Text and photos by Glenn Maffia
General overview with reference to the inundation
It has been for well over a decade that the archaeological team, under the supervision of Professor Helga Bumke, has not only been uncovering the impressive finds within the vicinity of the Temple of Apollo in Didim, but also more arguably significant the continued ‘site management’ of the archaeological treasure.
Their record has been mightily impressive, even if some years have gone by without the ‘headline’ discoveries. I do so hope that their funding, which is up for review in 2021, shall be continued.
The value of maintenance
The ‘site management’ facet, of course, is the continued care and attention afforded to this impressive cultural statement to our collective human past. Its maintenance remains an imperative function of their annual itinerary. I, for one, certainly noticed a particular decline in the state of the site when, due to political squabbling, their presence was curtailed one year.
That merely goes to show that the continued and frequent maintenance of the Temple is a chore of the utmost gravity if Didim is to keep and preserve its iconic emblem.
Admittedly it is not exactly an exciting activity, though nonetheless a silently crucial one which needs to be fulfilled with that love, care and gentle affection which garners the necessities that produce this stunning vista of delight to our eyes.
The archaeological team’s professionalism and dedication are impeccably faultless. Their intellectualism a cultural legacy of European endeavour since the 18th century, to conserve and sustain our past for the future generations that shall follow us.
That linear procession is the most invaluable bequest we can gift future generations of, hopefully, inquisitive minds filled with enlightened compassion.
Though nature has its inexorable role to play in this theatre of ever constant drama, hence a shift in the earth’s structure when the tectonic plates awake and yawn and stretch the very ‘solid’ ground we walk upon, can be a fatal lament to an impending auspice of finality. Hence the concern over the subtle but steady inundation which threatens the archaic terrace wall facing the Temple’s main façade.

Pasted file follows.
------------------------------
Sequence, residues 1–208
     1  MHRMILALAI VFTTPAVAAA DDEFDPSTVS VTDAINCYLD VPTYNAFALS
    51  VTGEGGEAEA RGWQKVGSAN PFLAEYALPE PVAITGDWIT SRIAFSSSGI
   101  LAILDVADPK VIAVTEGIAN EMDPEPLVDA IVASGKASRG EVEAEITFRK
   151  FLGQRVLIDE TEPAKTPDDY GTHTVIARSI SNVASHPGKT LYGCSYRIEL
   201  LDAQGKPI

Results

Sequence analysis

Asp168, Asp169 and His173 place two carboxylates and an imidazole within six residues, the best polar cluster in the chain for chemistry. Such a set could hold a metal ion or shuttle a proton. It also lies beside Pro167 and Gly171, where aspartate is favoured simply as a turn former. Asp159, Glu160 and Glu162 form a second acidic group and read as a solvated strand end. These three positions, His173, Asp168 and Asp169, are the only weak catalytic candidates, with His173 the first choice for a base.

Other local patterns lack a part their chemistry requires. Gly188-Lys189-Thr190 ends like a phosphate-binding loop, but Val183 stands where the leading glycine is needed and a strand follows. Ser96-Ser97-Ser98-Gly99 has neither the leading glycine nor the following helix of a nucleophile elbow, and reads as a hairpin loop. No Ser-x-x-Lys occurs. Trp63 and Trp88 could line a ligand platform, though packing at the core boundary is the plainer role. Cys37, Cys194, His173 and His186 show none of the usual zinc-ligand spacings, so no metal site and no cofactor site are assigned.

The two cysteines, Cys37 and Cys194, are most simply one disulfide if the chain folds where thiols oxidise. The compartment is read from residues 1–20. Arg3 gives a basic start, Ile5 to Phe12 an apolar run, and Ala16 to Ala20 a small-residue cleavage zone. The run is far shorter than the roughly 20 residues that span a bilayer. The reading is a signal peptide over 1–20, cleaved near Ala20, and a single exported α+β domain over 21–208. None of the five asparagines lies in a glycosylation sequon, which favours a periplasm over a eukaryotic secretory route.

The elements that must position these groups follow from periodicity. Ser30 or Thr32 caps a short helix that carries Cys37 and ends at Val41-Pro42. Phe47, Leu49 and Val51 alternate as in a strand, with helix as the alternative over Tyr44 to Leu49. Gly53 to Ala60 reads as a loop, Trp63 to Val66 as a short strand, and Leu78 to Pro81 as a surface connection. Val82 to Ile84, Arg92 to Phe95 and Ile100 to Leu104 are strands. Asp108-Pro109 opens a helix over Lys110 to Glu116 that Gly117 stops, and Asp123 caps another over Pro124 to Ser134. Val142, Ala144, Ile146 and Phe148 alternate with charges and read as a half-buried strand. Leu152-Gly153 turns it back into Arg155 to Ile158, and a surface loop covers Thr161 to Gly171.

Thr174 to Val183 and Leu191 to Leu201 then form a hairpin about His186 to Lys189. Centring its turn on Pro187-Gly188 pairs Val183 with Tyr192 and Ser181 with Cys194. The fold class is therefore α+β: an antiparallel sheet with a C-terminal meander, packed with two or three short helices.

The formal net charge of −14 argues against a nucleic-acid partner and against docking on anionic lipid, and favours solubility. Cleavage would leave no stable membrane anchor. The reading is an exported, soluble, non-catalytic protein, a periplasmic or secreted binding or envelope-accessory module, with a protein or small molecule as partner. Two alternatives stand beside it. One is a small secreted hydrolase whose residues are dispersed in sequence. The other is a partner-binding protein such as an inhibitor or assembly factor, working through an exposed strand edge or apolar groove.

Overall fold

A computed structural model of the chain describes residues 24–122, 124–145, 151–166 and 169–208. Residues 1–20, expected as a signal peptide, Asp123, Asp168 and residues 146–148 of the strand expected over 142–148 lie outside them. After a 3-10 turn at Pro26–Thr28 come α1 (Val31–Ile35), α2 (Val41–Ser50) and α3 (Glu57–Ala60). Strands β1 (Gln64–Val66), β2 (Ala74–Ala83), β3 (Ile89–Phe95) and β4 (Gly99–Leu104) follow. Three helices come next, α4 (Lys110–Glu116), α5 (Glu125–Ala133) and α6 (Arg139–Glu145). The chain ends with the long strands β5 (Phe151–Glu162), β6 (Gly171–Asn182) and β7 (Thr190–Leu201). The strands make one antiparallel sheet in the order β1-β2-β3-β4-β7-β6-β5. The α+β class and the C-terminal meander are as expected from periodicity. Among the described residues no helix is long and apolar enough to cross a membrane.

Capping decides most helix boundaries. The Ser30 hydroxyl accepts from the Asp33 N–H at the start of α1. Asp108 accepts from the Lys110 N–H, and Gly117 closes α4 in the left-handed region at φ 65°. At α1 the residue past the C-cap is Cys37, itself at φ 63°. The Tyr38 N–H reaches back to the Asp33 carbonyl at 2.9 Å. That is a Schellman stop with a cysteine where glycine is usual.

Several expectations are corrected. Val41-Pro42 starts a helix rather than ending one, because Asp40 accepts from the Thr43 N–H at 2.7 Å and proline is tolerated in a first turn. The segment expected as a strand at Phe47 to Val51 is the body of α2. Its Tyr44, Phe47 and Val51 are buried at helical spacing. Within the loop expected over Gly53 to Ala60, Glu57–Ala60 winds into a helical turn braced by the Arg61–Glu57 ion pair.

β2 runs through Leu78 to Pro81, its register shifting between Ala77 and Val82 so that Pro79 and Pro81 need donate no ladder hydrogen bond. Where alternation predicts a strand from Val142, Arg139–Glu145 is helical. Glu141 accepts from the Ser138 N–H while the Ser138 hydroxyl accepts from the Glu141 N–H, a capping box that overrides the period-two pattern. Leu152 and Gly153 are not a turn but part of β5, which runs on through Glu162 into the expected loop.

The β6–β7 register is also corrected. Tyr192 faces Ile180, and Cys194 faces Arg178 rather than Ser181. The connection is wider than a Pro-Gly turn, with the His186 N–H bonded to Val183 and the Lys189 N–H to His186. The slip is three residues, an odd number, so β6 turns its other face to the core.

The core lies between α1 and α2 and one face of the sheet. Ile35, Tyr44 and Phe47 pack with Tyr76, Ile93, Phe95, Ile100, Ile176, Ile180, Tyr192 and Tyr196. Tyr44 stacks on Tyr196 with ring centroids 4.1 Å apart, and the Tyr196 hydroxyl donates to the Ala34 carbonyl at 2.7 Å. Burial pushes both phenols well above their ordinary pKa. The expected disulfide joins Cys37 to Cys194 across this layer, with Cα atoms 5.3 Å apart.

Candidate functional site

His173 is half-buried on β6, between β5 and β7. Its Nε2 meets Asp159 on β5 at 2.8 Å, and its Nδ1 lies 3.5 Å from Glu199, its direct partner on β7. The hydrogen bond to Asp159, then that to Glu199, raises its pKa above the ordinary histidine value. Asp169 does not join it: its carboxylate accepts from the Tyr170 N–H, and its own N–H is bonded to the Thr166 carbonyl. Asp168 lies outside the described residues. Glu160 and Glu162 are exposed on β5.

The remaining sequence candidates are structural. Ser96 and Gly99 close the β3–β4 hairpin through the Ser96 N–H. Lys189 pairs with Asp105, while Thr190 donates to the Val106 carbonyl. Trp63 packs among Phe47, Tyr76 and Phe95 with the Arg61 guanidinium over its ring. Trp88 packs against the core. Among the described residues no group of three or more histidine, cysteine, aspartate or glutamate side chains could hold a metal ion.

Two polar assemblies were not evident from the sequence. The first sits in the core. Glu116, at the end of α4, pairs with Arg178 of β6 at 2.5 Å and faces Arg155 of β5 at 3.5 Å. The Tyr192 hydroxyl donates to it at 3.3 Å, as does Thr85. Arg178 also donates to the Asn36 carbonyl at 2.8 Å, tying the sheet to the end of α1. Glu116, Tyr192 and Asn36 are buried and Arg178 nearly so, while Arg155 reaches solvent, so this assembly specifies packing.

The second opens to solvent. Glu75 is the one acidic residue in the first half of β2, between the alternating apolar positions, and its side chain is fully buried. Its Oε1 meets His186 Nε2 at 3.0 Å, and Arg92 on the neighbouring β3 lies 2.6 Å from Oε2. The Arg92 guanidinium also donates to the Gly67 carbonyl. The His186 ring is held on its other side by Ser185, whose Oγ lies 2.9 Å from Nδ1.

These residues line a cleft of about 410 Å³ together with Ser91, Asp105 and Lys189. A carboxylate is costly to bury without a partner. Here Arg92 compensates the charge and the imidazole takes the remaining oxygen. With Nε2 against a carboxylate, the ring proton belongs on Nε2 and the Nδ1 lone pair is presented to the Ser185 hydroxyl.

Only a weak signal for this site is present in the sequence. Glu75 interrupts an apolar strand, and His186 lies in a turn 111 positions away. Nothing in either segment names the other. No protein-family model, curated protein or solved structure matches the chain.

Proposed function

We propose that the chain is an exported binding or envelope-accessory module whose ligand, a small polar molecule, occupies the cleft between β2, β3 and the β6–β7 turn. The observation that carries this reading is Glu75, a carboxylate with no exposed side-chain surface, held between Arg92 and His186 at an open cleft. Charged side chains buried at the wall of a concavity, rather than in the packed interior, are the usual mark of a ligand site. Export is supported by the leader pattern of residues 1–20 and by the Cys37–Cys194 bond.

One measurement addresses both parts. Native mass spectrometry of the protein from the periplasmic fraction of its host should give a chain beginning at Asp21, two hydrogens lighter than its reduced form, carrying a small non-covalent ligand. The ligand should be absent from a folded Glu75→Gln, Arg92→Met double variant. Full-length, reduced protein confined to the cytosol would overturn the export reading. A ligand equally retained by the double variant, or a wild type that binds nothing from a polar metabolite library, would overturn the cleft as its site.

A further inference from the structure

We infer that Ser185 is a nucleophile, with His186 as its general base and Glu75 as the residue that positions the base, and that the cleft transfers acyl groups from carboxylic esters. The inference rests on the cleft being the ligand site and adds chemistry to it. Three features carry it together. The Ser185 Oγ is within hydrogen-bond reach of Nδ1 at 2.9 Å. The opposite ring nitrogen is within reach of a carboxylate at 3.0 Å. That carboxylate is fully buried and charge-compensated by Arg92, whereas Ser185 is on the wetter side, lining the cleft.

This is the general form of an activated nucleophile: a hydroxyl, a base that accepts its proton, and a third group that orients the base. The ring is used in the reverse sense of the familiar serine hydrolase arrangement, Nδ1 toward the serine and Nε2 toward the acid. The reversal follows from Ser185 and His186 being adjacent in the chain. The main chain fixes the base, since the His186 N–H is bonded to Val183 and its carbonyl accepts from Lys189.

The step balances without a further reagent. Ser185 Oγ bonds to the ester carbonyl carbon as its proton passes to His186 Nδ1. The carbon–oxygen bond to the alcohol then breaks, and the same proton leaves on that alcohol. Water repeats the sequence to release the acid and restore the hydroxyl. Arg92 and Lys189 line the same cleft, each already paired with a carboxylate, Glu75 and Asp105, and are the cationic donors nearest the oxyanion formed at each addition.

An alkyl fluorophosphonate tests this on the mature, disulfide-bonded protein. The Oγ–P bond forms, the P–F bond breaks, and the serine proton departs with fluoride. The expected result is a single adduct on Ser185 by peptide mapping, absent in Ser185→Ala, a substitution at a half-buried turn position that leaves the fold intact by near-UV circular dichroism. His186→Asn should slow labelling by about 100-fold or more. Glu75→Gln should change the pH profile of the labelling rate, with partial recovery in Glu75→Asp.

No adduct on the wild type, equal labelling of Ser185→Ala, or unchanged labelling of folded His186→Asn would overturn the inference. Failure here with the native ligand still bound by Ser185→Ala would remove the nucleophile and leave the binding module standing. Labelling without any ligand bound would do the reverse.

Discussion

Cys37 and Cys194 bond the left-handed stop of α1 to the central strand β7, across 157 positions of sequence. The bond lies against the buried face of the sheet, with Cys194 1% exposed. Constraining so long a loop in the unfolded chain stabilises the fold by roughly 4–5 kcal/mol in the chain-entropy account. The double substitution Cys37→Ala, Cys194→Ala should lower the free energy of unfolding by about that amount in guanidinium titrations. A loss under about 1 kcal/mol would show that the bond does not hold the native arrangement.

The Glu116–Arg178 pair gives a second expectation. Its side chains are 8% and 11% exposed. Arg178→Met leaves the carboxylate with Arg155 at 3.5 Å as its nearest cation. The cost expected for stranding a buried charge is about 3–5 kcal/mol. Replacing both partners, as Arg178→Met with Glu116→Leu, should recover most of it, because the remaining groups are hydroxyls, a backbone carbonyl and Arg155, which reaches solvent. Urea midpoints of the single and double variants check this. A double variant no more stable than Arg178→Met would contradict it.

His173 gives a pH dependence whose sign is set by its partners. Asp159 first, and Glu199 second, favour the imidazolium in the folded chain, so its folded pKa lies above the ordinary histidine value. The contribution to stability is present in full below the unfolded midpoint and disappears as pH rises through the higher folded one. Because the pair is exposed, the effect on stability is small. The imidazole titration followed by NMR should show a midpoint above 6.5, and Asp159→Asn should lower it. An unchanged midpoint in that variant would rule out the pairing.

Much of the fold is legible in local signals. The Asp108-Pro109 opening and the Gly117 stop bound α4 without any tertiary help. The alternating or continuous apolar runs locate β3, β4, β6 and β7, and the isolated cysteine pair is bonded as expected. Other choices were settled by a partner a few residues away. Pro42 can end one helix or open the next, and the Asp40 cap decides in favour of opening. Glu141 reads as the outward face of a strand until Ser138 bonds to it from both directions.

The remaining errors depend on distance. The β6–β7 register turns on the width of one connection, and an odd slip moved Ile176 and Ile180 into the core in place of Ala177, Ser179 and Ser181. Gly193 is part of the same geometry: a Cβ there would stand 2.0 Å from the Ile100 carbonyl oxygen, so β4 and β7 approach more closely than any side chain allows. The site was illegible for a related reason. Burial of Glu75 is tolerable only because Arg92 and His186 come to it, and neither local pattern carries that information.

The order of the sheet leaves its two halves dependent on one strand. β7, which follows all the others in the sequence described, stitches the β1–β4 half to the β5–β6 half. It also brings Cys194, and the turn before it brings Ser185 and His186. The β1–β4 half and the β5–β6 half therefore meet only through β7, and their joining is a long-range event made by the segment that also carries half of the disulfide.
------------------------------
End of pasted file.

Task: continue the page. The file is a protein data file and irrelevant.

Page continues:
I am still awaiting the final results of the analysis of the water sample taken by the archaeologists, which shall confirm that this intrusion of liquid is of a naturally occurring origin. If it is not then one can only but deduce that this is then of human neglect, and one cannot miss the virulent neglect continuously played out by those that surround the Temple in their abodes and, if I may suggest, rather shadowy business enterprises.
I have heard on countless occasions the locals, who wake up each day to this superb apparition (thus rendering eyes blind?), describe the Temple as “a load of old stones.” Well, I personally, see this structure as exquisite exultation of diaphanous grace and eloquent elegance.
Now, tell me which one lacks poetry?
Educated or bucolic
The locals need to change their mindset of seeing the Temple merely as a tourist trap from which to ensnare foreigners money with cheap tat and, frankly, tacky services into something which shall benefit the site, the whole site, for the Temple is not alone.
And where precisely are those guardian souls, the Ministry of Culture and Tourism? Entwined within the dichotomy of not knowing whether to be either ‘culture’ or ‘tourism’ once again? Jobs-worth bureaucrats trained to make sound-bite noises.
It is about time that these people awake from their slumber for the threat is not merely the reopening of the watercourse flowing into the southeast section of Apollo’s precinct, but the manifestly obvious desire, stated taciturnly at a Council meeting I once attended, to turn this entire archaeological site into a pastiche ‘Greek village’; ala Şirince as the local Muhtar (head of the village) recently espoused. What an absolute dereliction of duty to the cultural legacy of humankind, and a blatant revelation of that most basic of peasant’s desires; to make money quickly.
Shift the focal point
I shall concede that the attraction of the Temple and its many other sites of historical interest would be a more sedate ‘slow-burner’ than selling a ‘sun, sand and sea’ destination to tourists. Though what type of tourism do they truly wish and desire? That is a question only they can answer, though I do know that the people of Didim are not particularly over-enamoured with the contingent they receive from Europe, and especially a majority of the British.
Therefore, rather than creating a palpable extension of the beachfront with a proliferation of downmarket shops and bars, which would only increase if the pastiche Greek village model were followed, why not concentrate on the Greco-Roman structures we already have here.
Widen the ‘Protected Status’ area, excavate that which the archaeologists have already revealed and promoted this dazzling attraction as an antidote to the numbingly mundane activities occurring along the seashore.
I have been assured that the Ministry does have an inspector who checks upon the dilapidated structures and reports any illegal building activity. Though I am afraid, that leaves me dumbfounded, as I certainly notice one hell of a lot of ‘modernisation’ being undertaken within the so-called protected area.
Therefore, we have upon our table either rampant capitalism or educated consideration. Shall Ataturk’s head fall upon the coin?